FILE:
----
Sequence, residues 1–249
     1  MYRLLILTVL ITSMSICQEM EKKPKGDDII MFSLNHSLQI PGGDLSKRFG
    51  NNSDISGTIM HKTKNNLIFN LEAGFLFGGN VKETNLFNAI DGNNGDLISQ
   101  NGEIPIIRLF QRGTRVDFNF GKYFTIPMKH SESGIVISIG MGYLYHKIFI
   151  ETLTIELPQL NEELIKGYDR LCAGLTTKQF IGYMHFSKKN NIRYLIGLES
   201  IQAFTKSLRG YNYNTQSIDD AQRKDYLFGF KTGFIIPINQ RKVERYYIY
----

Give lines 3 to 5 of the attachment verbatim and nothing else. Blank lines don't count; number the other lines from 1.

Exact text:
    51  NNSDISGTIM HKTKNNLIFN LEAGFLFGGN VKETNLFNAI DGNNGDLISQ
   101  NGEIPIIRLF QRGTRVDFNF GKYFTIPMKH SESGIVISIG MGYLYHKIFI
   151  ETLTIELPQL NEELIKGYDR LCAGLTTKQF IGYMHFSKKN NIRYLIGLES